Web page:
Little did attendees at the ANA or most commenters on YouTube and Twitter know, however, that the Shiny Suds were really about degrading women and promoting rape, at least in the opinion of commenters on one blog, Shakesville, which posted the video in its "Today in Rape Culture" section.As has been discussed in this space many, many, many times (as recently as yesterday), intent is not at issue: This shit doesn't exist in a void—and playing into existent rape culture narratives without intending to doesn't mean those narratives aren't being reinforced all the same.
That elicited more than 100 angry comments from posters, many of whom said they would stop buying Method products and helped produce some of the hundreds of negative responses to the company's website MethodHome.com. Among the posts: "Making us fear chemical residue from cleaning products because it's tied into a rape threat is beyond sickening."
Of course, that's not the point Method was trying to make.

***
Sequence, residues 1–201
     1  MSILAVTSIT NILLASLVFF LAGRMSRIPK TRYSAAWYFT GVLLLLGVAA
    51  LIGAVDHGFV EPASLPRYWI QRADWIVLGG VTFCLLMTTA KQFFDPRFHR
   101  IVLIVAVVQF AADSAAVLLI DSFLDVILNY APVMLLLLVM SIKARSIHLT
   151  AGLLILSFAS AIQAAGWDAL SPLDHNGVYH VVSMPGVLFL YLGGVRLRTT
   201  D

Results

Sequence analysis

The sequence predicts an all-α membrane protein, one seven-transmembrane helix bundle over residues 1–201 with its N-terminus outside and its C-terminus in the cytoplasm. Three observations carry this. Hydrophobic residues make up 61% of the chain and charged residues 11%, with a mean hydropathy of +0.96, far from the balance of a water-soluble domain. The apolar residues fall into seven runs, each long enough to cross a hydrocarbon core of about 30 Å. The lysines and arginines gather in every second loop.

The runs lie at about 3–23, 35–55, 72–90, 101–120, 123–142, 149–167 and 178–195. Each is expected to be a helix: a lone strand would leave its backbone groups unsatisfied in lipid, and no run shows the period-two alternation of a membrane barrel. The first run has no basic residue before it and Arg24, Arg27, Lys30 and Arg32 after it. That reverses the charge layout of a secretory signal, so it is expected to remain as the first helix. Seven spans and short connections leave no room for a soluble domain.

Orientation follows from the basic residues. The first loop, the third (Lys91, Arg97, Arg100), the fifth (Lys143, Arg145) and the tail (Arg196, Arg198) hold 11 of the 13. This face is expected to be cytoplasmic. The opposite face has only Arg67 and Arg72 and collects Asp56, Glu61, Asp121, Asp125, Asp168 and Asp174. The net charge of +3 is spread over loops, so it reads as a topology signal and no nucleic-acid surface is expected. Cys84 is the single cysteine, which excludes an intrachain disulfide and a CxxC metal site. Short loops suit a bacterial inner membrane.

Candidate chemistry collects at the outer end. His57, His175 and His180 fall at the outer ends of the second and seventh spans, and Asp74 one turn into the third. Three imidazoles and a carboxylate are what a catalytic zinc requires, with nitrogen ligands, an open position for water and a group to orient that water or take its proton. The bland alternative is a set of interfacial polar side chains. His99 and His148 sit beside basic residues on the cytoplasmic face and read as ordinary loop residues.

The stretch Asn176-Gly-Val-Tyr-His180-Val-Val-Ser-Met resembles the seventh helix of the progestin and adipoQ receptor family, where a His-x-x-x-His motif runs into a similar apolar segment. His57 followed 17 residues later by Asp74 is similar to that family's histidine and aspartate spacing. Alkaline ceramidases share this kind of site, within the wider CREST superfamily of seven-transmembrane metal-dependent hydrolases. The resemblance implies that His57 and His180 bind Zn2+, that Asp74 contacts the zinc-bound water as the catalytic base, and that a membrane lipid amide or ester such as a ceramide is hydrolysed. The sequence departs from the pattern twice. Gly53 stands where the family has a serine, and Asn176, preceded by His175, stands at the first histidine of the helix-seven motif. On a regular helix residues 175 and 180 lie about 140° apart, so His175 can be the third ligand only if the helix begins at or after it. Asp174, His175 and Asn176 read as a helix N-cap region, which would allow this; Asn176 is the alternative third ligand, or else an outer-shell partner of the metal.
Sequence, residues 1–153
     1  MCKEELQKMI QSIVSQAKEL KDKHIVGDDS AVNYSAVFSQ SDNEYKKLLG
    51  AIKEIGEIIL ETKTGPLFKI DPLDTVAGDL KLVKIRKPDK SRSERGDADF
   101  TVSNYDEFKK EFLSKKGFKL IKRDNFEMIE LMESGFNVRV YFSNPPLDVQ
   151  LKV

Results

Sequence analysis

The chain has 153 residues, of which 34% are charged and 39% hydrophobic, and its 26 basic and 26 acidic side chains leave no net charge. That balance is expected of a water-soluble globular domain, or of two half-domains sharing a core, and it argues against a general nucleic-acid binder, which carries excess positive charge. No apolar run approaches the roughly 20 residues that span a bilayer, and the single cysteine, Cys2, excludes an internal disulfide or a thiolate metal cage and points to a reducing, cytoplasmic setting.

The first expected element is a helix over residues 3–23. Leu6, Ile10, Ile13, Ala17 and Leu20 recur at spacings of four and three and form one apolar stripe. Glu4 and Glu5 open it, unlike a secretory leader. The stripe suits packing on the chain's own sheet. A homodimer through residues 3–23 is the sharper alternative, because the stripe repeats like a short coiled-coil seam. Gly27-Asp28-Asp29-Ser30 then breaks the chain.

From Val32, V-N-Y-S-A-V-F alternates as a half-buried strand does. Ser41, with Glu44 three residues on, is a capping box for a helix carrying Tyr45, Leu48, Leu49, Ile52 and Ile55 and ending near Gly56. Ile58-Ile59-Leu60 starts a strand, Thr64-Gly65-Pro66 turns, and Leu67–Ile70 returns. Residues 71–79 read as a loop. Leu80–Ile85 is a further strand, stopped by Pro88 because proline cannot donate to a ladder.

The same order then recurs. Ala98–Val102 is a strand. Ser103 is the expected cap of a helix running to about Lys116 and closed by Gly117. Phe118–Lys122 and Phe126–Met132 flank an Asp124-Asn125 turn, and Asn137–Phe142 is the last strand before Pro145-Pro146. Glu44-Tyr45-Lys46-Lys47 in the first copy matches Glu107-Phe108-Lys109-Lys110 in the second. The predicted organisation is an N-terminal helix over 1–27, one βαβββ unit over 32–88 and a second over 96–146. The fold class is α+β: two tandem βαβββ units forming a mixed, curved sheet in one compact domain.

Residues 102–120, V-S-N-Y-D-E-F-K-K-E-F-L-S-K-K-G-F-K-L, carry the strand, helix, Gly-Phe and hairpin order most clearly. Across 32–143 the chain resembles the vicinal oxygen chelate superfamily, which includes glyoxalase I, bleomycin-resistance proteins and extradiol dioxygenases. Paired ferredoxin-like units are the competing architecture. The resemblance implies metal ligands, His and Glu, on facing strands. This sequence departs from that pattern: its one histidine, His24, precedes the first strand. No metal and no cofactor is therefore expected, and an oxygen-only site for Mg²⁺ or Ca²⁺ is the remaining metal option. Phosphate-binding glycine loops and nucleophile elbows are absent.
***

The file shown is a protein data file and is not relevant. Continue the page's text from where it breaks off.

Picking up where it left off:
All of which is frankly beside the point, as it's disingenuous to suggest that Method did not intentionally equate chemical residue with sexual assault. That was, of course, the entire plot of the video. That their main "point" was generating support for the Household Product Labeling Act is irrelevant; the strategy they employed to try to make that point was by equating chemical residue with sexual assault.
One last quick note about Neff's post: It's interesting that raising a red flag about sexual assault imagery is described as "sexism complaints" and "degrading women." Sexism and rape apologia are certainly inextricably linked, but they are not synonymous. I advocate against the rape culture on behalf of all survivors, irrespective of gender—because sexual assault, by its very nature, is designed to degrade its victims, whoever they may be.
It's funny, ahem, how when I object to rape jokes/threats/imagery where the target is male, I'm never mistaken for a silly lady hysterically crying sexism.